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Madonna with Child

Follower of Raibolini Francesco called Francesco Francia

Bologna c. 1450. - 1517)

This panel is first documented with certainty as forming part of the Borghese Collection in 1833. Its compositional strategy and movement are typical of the style of the Bolognese artist Francesco Raibolini, head of a prolific workshop which according to our sources had 220 students and followers.

The painting shows the Virgin and Child; sitting on a cushion, Jesus is in the act of giving his blessing as his gaze is curiously directed outside the frame. He holds a small bird in his hand, probably a robin – a clear allusion to the passion of Christ.

Object details

c. 1520
oil on panel
48 x 39 cm

19th-frame decorated with palmettes (67.5 x 56.5 x 10 cm)


(?) Rome, Borghese Collection, 1693 (Della Pergola 1964, p. 452, n. 204); Rome, Borghese Collection, 1833 (Inventario Fidecommissario 1833, p. 8); purchased by Italian state, 1902



This panel is first documented as forming part of the Borghese Collection in 1833, when it was listed in the Inventario Fidecommissario as a work by the Bolognese painter Francesco Raibolini, known as Francesco Francia. This attribution was rejected by Giovanni Battista Cavalcaselle (1871) but then re-proposed by Adolfo Venturi (1893), who believed that the work was executed by one of Francesco’s many students.

In 1936 Aldo de Rinaldis identified the painting as the ‘Madonna of Pietro Giulianello’ described in the Borghese inventory of 1700. Yet his idea was not accepted by Paola della Pergola (1955), who in the meantime had ascribed the series of all the works by that name to various followers of Garofalo. According to this scholar, the panel in question was likely the work of one of the many followers of Raibolini, given that the painting lacked that refinement characteristic of the productions of the Bolognese artist.

In 1964, della Pergola claimed that the painting matched the description of entry number 204 of the Borghese inventory of 1693 (‘Beneath the cornice next to the said work, a painting of roughly three spans with the Madonna and Child, at no. 104, with a smooth, engraved gilded frame, by Francia’): although most critics have ignored her suggestion, it may turn out to be valid.

For their part, Emilio Negro and Nicosetta Roio (1998) attributed the work to Francia’s school, noting that the composition represents the counterpart of the Virgin and Christ Child at the Museum of Art in Columbia, South Carolina (inv. no. 54-402/12), a painting which enjoyed great success, as is proved by the version held in the clergy house of the church of Santissima Trinità in Bozzolo and the replica that was sold on the antiquarian market in 1988 (Christie’s London, 18 February, no. 7): while the former has been ascribed to Francia’s workshop, the latter is believed to be in the style of Pietro Perugino (for both works, see Negro-Roio 1988, cat. nos. 152a; 152b).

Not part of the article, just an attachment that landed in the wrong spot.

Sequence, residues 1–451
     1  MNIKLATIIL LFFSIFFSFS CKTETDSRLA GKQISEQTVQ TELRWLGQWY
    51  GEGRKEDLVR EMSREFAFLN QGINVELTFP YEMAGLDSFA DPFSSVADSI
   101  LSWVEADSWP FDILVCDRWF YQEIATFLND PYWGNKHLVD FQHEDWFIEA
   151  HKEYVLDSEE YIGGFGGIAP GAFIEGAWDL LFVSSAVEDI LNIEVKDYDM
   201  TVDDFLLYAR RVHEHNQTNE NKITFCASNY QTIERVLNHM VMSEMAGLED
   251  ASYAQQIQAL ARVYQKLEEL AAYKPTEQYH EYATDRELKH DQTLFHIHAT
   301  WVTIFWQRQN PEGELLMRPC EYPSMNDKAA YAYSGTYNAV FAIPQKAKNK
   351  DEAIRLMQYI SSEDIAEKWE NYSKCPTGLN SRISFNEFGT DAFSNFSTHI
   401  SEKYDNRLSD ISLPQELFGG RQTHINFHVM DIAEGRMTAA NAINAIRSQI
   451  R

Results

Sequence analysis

The panel represents the Virgin with the Child, who holds a small bird in his left hand, probably a goldfinch, symbol of Christ’s Passion. According to tradition, the feathers of this bird were indelibly dyed in red when blood caused by the crown of thorns fell onto them from Jesus’s forehead.

With the exception of Roberto Longhi (1967), all critics (see, most recently, Herrmann Fiore 2006) agree that this panel came from Raibolini’s atelier, as the work makes use of those same formulas and gestures that were dear to the Bolognese painter, even though in this case certain details are somewhat rigid and coarse. In Roio’s view (1986; Negro, Roio 1998), the painting may have been the work of either Giacomo or Giulio Raibolini, Francia’s sons, who together with Boateri frequented their father’s workshop. Here they absorbed the master’s style, which in turn betrays the influence of Perugino and Raphael, among others.

Antonio Iommelli

  • J. A. Crowe, G. B. Cavalcaselle, A. History of Painting in North Italy, London 1871, ed. 1912, II, p. 271;
  • G. Piancastelli, Catalogo dei quadri della Galleria Borghese, in Archivio Galleria Borghese, 1891., p. 166;
  • A. Venturi, Il Museo e la Galleria Borghese, Roma 1893, p. 50;
  • G. Morelli, Della Pittura Italiana. Studi Storici Critici: Le Gallerie Borghese e Doria Pamphili in Roma, Milano 1897, p. 196;
  • R. Longhi, Precisioni nelle Gallerie Italiane, I, La R. Galleria Borghese, Roma 1928, p. 179;
  • A. De Rinaldis, Documenti inediti per la Storia della R. Galleria Borghese in Roma. II. Una inedita nota settecentesca delle opere pittoriche nel Palazzo Borghese in Campo Marzio, in “Archivi”, III, 1936, p. 7;
  • W. Suida, Art of the Renaissance from the Samuel H. Kress Collection. The Columbia Museum of Art, Columbia 1954, p. 33;
  • P. della Pergola, La Galleria Borghese. I Dipinti, I, Roma 1955, p. 38, n. 50;
  • P. della Pergola, L’Inventario Borghese del 1693 (II), in “Arte Antica e Moderna”, XXVIII, 1964, p. 452;
  • R. Longhi, Saggi e ricerche 1925-28. Precisioni nelle gallerie italiane. La Galleria Borghese, Firenze 1967, p. 334;
  • N. Roio, Giacomo e Giulio Raibolini detti i Francia, in Pittura bolognese del '500, a cura di V. Fortunati Pietrantonio, Bologna 1986, p. 36;
  • A. Ugolini, La dinastia di Francesco Francia, in "Arte Cristiana", DCCLXXIX, 1997, p. 116, n. 1;
  • E. Negro, N. Roio, Francesco Francia e la sua scuola, Modena 1998, pp. 239-240, n. 152;
  • K. Herrmann Fiore, Galleria Borghese Roma scopre un tesoro. Dalla pinacoteca ai depositi un museo che non ha più segreti, San Giuliano Milanese 2006, p. 17.